After we have established that the proposed solution has Value for a segment, then comes the question of whats the growth potential for the solution in the market, locally, regionally and globally. Even though the problem and solution might be real, the potential buyers might be too small to make a profitable and viable business, or the effort and knowledge required might be such that it would be hard to scale beyond certain market or cost can be a major hindrance. Even if the solution has value and there is a market, there is still the question of how to reach out and sell it in a way the buyers are willing to buy it.

All the above are RISK that a startup has to face in its initial phase, if the venture got to see success, there has to be a systematic way to de-risk the venture without spending too much in the wrong things and running out of money. This process is what Steve Blank calls ‘customer development’ and approaching a startup with all this in mind in a scientific manner is the whole philosophy of Lean Startup.

So now the question is how do you go about de-risking the venture, the answer is through series of experiments to test the various assumptions and key concepts in the solution. MVP is a tool to run these experiments, not the only tool, but probably the most used tool. Smoke Testing, A/B testing and Statistical Hypothesis Testing are some of the methods for experimentation to confirm with customer, the theories for the startup solution as well the problem perspective.

MVP can be a smoke test website that tries to establish demand for a solution in the market, or the segment that needs it most. Smoke test does not intend to be dishonest with the customer, instead it paints a picture of a solution to come and get interested parties pre-register for invite or information when it is ready.

At various stage of the product lifecycle the MVP can be very different in its form, but the purpose in the world of Lean Startup is to use it to proof or disprove another hypothesis and thus lower another risk to the venture.

Its probably also worthwhile to remember not every kind of customer or user are ideal target for MVP or experimentations, early adaptors are usually the ones we should be looking for, they might not form the bulk of the user segment when the product flys, but they definitely are those who would be ready to touch your buggy barely working concepts and give you inputs that bring your product in the track to be a reality. Will discuss more on Early Adapters in another post one of these days, thanks for reading.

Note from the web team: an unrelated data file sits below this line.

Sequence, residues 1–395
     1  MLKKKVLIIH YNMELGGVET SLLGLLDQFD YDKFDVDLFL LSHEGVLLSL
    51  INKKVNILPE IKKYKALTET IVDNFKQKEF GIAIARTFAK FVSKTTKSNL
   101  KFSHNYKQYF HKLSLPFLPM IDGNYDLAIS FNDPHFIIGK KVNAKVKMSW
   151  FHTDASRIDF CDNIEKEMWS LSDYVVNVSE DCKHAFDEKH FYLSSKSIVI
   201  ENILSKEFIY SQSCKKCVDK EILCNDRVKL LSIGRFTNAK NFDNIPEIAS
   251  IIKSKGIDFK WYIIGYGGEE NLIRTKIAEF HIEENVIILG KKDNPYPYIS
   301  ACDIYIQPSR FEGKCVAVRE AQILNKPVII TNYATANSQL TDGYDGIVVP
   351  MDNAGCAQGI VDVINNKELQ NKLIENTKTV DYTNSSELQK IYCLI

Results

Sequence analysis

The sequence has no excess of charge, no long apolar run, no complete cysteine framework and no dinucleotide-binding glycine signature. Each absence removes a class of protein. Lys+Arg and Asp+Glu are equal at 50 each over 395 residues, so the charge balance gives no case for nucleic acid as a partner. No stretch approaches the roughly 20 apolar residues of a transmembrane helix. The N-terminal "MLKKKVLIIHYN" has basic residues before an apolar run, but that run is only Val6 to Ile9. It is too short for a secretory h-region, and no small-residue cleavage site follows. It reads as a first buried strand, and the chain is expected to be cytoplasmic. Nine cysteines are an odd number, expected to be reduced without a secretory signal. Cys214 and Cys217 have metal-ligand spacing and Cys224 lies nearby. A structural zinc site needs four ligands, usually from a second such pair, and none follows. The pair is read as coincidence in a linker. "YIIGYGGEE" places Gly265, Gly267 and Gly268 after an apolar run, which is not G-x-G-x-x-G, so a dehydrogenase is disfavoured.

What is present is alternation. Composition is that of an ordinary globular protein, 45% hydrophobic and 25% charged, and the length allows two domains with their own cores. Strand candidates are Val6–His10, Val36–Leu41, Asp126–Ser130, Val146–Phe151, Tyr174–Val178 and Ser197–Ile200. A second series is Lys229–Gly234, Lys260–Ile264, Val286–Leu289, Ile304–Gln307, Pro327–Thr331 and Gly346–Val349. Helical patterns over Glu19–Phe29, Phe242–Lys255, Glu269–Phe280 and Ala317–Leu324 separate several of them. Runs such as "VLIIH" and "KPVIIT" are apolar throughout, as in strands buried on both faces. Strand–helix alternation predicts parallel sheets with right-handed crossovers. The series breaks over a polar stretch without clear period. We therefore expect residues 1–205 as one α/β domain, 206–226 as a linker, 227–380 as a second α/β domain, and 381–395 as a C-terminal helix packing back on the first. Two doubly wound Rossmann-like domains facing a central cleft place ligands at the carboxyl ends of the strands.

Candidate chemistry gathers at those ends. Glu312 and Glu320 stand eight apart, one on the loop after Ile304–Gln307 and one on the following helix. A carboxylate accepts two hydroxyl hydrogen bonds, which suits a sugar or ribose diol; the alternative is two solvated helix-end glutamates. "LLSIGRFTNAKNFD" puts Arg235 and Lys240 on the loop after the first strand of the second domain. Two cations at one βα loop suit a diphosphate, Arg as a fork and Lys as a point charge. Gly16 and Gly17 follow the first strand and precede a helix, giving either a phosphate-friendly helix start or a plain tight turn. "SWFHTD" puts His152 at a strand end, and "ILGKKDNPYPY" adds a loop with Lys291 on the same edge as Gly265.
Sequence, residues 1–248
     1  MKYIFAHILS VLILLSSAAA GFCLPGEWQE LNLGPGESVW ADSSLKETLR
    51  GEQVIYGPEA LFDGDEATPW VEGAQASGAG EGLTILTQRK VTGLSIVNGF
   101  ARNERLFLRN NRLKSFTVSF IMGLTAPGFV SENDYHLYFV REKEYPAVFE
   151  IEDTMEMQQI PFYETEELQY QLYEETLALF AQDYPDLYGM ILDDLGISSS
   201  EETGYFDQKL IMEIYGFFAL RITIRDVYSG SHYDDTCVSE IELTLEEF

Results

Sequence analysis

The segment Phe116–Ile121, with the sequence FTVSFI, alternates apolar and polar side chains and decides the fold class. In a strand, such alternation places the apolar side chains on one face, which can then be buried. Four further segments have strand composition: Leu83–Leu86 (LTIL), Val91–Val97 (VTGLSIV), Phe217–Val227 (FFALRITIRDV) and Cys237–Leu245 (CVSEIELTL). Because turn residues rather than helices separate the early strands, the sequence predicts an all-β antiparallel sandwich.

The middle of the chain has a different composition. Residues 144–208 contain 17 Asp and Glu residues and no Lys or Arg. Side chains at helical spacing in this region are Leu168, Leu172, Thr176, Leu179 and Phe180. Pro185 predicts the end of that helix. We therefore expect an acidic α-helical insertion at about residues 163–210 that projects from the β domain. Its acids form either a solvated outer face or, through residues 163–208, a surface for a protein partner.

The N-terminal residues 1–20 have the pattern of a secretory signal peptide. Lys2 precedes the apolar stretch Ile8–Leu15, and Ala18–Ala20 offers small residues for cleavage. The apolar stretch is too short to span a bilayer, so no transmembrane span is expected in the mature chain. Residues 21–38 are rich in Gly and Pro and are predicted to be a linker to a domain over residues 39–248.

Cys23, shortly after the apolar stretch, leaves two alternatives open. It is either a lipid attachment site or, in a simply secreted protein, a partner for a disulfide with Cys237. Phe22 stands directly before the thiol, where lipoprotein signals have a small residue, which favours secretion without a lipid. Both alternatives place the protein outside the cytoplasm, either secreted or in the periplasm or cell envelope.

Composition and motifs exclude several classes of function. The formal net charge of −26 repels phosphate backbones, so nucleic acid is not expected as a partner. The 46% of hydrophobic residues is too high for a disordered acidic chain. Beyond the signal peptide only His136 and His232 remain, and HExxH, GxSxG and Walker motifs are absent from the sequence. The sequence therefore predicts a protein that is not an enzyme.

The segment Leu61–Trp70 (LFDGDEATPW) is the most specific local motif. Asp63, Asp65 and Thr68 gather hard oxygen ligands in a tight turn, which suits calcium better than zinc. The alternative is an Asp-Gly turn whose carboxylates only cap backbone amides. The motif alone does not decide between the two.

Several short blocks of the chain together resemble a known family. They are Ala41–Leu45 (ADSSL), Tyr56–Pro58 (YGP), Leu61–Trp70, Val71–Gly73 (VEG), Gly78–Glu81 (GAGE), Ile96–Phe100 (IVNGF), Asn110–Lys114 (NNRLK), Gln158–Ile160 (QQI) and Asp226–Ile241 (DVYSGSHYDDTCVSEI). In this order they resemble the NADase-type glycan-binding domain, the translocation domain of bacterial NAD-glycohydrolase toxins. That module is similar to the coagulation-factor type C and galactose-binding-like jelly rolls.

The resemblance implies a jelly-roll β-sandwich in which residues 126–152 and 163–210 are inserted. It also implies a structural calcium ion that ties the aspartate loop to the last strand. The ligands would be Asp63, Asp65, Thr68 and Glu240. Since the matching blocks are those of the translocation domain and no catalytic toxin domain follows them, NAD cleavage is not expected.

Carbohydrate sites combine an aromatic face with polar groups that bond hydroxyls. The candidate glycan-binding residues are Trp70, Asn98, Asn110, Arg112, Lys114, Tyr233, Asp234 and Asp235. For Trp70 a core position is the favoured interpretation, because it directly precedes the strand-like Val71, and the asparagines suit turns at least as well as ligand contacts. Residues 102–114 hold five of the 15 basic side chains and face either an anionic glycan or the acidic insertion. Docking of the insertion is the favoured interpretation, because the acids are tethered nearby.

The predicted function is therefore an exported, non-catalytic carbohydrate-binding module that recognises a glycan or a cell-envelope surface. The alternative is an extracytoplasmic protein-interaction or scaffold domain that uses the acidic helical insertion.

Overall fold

Lean Startup, Business Model Canvas & Agile Development

If you are into software business and hearing one or more of the three terms for the first time you are missing out a lot, like I was a year or so ago. Learning about how all three work together specially in cutting down waste and reducing the need for funding to grow ones venture has been an eye opener. This is after 4 startups and about 20 years in business felt like the first week at the B School, and its not only me, when I shared some of this with the group (Philippines Software Development Association’s Special Interest Group for Product and IP development) it was eye opener for all.

In fact one of the adapter and loudest proponent of these concept today in one of our founding member of the sub-group with decades of experience in product development in companies like Microsoft and Apple at its early and growth phase, and several successful ventures over the years.

In this post and several others I will share our learnings, success and failures in following the concepts. Personally my exposure and experimentations would be for our flagship product and secondary exposure from the sharing of others in the subgroup and interesting findings from the web.